The Cognitive Science of Science
Explanation, Discovery, and Conceptual Change
A cognitive science perspective on scientific development, drawing on philosophy, psychology, neuroscience, and computational modeling.
Many disciplines, including philosophy, history, and sociology, have attempted to make sense of how science works. In this book, Paul Thagard examines scientific development from the interdisciplinary perspective of cognitive science. Cognitive science combines insights from researchers in many fields: philosophers analyze historical cases, psychologists carry out behavioral experiments, neuroscientists perform brain scans, and computer modelers write programs that simulate thought processes.
Thagard develops cognitive perspectives on the nature of explanation, mental models, theory choice, and resistance to scientific change, considering disbelief in climate change as a case study. He presents a series of studies that describe the psychological and neural processes that have led to breakthroughs in science, medicine, and technology. He shows how discoveries of new theories and explanations lead to conceptual change, with examples from biology, psychology, and medicine. Finally, he shows how the cognitive science of science can integrate descriptive and normative concerns; and he considers the neural underpinnings of certain scientific concepts.
HardcoverOut of Print ISBN: 9780262017282 378 pp. | 6 in x 9 in 37 figures
Paperback$25.00 S | £20.00 ISBN: 9780262525985 378 pp. | 6 in x 9 in 37 figures
The problem of scientific cognition is very complex, and cognitive science of science is in its early infancy. This book make a significant contribution to clarifying the issues involved in studying scientific cognition, and outlining proof-of-concept models of possible neural processes involved in discovery, explanation, and conceptual change...I look forward to Cognitive Science of Science 2.0.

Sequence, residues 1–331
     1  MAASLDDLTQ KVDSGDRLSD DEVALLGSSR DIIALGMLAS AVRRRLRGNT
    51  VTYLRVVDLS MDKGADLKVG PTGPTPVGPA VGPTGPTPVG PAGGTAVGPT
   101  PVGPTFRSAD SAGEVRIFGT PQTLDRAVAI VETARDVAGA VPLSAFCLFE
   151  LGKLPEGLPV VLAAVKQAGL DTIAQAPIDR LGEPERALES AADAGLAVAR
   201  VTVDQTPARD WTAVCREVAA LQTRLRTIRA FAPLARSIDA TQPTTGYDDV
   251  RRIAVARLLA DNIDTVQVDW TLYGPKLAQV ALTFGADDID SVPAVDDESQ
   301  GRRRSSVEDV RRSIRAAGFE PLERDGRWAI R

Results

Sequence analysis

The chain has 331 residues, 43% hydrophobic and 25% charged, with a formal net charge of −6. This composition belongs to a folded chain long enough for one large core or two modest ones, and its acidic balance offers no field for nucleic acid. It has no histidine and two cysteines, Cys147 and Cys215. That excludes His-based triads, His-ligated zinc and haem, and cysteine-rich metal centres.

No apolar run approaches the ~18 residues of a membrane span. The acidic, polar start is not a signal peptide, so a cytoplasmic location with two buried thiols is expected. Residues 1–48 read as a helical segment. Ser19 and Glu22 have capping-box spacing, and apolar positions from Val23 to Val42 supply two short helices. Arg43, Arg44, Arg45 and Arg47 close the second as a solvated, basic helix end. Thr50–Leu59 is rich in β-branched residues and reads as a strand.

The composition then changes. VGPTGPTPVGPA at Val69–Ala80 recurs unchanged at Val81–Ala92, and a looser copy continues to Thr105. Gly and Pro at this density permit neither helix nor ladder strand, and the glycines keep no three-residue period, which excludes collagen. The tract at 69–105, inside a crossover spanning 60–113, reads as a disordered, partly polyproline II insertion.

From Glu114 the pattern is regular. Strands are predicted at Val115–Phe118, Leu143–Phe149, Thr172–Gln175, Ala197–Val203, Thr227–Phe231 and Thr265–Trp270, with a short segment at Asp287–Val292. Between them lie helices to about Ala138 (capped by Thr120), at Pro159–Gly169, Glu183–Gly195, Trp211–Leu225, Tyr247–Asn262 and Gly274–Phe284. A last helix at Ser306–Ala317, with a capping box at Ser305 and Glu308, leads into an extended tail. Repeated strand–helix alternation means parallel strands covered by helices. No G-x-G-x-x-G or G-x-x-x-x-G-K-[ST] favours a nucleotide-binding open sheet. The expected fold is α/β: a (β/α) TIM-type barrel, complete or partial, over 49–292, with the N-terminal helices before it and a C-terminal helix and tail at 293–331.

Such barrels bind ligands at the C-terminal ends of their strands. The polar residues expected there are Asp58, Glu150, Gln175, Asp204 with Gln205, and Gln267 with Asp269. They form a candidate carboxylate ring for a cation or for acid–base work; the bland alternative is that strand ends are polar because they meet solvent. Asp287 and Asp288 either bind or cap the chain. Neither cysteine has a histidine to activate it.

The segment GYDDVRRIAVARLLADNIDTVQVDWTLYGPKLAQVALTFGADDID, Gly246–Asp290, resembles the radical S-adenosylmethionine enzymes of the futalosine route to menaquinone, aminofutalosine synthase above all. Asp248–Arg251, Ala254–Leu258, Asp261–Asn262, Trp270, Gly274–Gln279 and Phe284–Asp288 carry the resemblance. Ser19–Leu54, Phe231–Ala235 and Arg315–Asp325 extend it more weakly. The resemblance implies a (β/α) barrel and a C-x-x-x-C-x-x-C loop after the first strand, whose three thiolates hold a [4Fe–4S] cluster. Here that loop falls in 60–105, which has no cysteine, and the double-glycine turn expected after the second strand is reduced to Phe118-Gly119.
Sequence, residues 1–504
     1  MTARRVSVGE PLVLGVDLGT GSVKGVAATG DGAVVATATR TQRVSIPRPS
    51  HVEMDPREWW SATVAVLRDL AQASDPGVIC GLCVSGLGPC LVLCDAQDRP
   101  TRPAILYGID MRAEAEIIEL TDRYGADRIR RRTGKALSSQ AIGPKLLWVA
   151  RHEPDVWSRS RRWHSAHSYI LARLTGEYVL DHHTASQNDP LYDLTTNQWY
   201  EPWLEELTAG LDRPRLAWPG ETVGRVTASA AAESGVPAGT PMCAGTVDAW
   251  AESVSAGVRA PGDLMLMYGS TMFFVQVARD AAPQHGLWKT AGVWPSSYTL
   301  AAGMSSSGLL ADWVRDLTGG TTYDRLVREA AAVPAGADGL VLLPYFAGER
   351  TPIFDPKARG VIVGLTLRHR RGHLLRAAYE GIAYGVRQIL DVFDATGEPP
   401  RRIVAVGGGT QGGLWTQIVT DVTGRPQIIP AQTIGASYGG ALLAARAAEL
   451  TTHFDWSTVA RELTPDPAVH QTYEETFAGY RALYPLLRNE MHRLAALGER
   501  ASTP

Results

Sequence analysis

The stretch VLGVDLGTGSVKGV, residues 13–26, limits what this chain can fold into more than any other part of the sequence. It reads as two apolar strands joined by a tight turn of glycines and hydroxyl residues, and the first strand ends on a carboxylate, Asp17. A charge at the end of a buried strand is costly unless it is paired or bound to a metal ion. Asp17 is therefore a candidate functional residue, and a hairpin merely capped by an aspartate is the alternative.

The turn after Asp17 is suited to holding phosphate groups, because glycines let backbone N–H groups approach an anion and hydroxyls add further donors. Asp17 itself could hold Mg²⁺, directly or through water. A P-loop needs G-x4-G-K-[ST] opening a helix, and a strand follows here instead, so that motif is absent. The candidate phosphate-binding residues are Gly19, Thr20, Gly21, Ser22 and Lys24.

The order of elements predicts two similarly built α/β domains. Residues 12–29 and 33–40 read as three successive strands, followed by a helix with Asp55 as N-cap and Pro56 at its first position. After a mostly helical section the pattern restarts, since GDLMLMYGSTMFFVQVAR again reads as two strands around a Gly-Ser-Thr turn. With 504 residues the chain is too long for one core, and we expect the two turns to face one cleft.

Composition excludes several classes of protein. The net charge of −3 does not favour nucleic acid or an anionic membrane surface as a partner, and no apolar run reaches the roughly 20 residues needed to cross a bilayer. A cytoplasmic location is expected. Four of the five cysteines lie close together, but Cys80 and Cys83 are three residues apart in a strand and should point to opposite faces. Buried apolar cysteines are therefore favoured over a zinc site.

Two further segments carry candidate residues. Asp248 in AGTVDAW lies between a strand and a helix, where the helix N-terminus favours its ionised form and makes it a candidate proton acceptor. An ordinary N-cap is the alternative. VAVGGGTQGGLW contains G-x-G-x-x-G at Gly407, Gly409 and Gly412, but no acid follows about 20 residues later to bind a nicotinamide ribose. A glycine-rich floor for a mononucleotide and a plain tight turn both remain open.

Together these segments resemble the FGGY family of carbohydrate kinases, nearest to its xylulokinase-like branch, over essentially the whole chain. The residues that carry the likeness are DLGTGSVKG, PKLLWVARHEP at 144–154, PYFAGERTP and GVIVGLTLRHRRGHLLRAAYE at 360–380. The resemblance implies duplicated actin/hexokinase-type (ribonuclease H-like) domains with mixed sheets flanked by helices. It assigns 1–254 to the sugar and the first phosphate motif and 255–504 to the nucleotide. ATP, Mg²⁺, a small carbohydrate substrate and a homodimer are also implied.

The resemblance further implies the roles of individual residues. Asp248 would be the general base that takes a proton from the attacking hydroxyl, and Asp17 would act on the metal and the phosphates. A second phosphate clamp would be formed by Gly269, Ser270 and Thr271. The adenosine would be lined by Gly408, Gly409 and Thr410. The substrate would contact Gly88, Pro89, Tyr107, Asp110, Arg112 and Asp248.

Paul Thagard was among the first philosophers of science to apply the resources of the cognitive sciences to the study of science itself. This collection of his recent articles provides a lucid and timely introduction not only to his own approach to the subject, but also to the cognitive study of science as a whole.
Ronald N. Giere
Professor Emeritus of Philosophy, University of Minnesota
This collection brings together Paul Thagard's latest interdisciplinary insights into the workings of science, drawing on his extensive work in historical, philosophical, cognitive, and computational approaches. The broad range of topics here provides an agenda and new directions for future work in the cognitive science of science, especially on the oft-neglected topic of scientific discovery. Anyone taking up the topic will want to see the far reach of Thagard's account of conceptual combination.
University of Maryland, College Park
The cognitive science of science is a rapidly expanding area of science studies and Paul Thagard is one of its pioneers. A collection and expansion of recent ground-breaking work on scientific creativity and discovery conducted by Thagard and his collaborators is thus timely and important. The analyses presented lie at the interface of AI, neuroscience, psychology, and philosophy and provide novel ways of thinking about discovery and creativity for cognitive scientists and science studies researchers, as well as for those interested in creativity more generally.
Regents' Professor of Cognitive Science, School of Interactive Computing, Georgia Institute of Technology